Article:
To support its position, Sebastian produced four sales contracts between Sebastian and DeBruce, providing for the sale of a total of 1.34 million bushels of grain. Each contract was executed in 2008 and provided for shipment in 2008. Through its representations to the chief appraiser, Sebastian implied that possession of the grain on January 1, 2009 was immaterial because ownership immediately transferred in 2008 upon execution of the contracts.[3] In a phone conversation with Sebastian's property tax agent, the chief appraiser agreed to change the appraisal roll to reflect DeBruce as the owner. Consequently, Sebastian was issued a tax refund.

         DeBruce protested the corrected appraisal roll and resulting tax assessment, also asserting non-ownership. DeBruce pointed to a provision in the contracts expressing the parties' intent to resolve any disputes under the National Grain and Feed Association Rules (NGFA Rules). Rule 6 of the NGFA Rules provides that title and risk of loss transfer to the buyer at either the time of shipment or delivery, depending on the specific term in the contract, but not before. DeBruce provided WCAD with proof that, of the 1.34 million total bushels contracted for, only 138, 300 had been shipped or delivered by January 1, 2009; some were shipped and delivered after January 1; and 808, 797 bushels were never shipped or delivered. DeBruce acknowledged liability for the 138, 300 bushels and disputed the rest. The chief appraiser agreed, changing the appraisal rolls again to reflect Sebastian as the owner of the remaining grain.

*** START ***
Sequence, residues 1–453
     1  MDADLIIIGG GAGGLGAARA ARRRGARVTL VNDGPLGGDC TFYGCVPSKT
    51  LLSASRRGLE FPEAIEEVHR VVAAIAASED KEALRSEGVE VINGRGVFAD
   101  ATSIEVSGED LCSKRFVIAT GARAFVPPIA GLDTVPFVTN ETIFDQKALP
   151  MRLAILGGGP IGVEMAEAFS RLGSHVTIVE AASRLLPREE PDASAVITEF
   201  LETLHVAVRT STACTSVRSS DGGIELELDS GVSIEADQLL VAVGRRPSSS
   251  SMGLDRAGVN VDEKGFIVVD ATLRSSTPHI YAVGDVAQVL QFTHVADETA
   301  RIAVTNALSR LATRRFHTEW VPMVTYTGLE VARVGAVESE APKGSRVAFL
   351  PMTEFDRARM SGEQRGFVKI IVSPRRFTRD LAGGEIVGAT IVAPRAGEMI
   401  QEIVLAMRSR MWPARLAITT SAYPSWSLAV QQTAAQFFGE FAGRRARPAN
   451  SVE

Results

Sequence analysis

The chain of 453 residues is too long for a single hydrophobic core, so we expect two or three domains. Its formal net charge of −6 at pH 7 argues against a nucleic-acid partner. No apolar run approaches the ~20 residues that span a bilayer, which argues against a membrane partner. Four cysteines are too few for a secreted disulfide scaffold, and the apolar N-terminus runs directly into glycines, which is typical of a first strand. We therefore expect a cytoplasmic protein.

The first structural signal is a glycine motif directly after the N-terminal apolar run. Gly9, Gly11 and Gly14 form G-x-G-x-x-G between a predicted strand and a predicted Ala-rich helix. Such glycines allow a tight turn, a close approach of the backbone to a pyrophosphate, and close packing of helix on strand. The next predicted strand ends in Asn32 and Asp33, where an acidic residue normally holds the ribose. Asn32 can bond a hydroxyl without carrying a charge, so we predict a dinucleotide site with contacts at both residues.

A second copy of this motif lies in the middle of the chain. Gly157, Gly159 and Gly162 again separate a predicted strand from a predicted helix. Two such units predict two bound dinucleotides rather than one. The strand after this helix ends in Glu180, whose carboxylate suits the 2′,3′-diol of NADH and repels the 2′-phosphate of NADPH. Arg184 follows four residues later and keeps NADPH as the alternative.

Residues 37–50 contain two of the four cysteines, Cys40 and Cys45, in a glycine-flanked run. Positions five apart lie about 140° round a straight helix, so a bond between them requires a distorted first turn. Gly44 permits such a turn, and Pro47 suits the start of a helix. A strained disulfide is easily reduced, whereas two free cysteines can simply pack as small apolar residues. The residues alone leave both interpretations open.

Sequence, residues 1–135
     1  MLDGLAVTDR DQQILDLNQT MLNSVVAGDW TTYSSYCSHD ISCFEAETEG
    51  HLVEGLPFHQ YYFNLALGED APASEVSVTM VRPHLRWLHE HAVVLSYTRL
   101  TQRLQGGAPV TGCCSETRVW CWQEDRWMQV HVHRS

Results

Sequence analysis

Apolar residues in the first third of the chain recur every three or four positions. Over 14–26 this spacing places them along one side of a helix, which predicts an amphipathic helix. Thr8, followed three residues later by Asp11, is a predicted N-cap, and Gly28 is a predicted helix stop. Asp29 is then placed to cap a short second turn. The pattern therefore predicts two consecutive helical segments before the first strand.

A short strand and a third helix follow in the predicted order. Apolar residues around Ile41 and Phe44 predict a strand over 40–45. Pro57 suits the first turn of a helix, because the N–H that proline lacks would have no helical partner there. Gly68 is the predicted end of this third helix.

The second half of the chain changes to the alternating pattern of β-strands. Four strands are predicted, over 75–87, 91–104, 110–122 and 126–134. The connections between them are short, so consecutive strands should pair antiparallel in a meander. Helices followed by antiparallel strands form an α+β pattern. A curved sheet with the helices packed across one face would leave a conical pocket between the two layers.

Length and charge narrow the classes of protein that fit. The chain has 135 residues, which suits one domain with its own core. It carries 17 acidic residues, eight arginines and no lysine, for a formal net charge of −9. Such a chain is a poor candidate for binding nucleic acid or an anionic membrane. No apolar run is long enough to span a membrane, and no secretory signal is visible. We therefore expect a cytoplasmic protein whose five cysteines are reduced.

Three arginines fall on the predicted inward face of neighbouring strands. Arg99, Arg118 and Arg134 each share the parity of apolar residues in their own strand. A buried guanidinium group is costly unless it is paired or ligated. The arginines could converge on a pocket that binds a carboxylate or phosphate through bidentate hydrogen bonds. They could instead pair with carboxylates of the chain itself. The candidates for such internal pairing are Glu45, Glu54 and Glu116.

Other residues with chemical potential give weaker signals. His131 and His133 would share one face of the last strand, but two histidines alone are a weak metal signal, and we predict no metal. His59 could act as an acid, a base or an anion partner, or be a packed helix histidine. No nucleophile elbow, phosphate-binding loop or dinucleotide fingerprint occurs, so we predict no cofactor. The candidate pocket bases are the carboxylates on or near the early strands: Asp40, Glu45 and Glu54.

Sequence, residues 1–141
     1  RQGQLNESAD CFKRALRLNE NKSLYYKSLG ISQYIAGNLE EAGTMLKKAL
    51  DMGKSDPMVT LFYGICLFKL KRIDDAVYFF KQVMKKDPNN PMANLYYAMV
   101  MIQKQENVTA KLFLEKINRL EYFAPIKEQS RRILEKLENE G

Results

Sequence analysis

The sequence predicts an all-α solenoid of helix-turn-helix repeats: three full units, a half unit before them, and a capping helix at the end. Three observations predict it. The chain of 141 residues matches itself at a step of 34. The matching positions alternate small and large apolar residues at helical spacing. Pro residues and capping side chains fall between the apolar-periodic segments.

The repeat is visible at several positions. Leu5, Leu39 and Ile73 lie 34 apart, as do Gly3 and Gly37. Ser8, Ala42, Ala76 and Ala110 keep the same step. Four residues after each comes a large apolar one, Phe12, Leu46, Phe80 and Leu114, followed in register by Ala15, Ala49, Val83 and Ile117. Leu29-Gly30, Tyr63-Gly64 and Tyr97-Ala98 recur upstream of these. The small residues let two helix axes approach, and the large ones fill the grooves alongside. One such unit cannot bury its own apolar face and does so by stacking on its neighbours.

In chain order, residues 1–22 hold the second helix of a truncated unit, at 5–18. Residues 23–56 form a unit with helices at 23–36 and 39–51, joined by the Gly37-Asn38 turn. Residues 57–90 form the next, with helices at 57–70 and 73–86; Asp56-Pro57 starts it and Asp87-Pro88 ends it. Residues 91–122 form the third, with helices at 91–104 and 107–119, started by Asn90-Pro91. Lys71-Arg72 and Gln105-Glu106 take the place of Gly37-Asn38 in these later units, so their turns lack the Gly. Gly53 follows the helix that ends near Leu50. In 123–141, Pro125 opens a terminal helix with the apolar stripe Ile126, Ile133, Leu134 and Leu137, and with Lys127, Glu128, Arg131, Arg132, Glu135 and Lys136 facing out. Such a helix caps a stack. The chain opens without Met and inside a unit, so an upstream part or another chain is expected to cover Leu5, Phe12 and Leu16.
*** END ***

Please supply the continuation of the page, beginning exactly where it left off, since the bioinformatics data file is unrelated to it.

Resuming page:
Sebastian protested to the Willacy County Appraisal Review Board (ARB). The ARB upheld the change to the appraisal roll and Sebastian sought judicial review, arguing: (1) WCAD was prohibited by statute from changing the appraisal roll because it increased Sebastian's tax liability; or (2) in the alternative, the phone conversation in which the chief appraiser agreed to change the ownership to DeBruce was a final, nonreviewable agreement under § 1.111(e) of the Property Tax Code. See id. § 1.111(e) (West, Westlaw through 2017 1st C.S.) (providing that "[a]n agreement between a property owner or owner's agent and the chief appraiser is final if the agreement relates to a matter . . . which may be corrected under Section 25.25 or on which a motion for correction under that section has been filed but not determined by the [ARB]").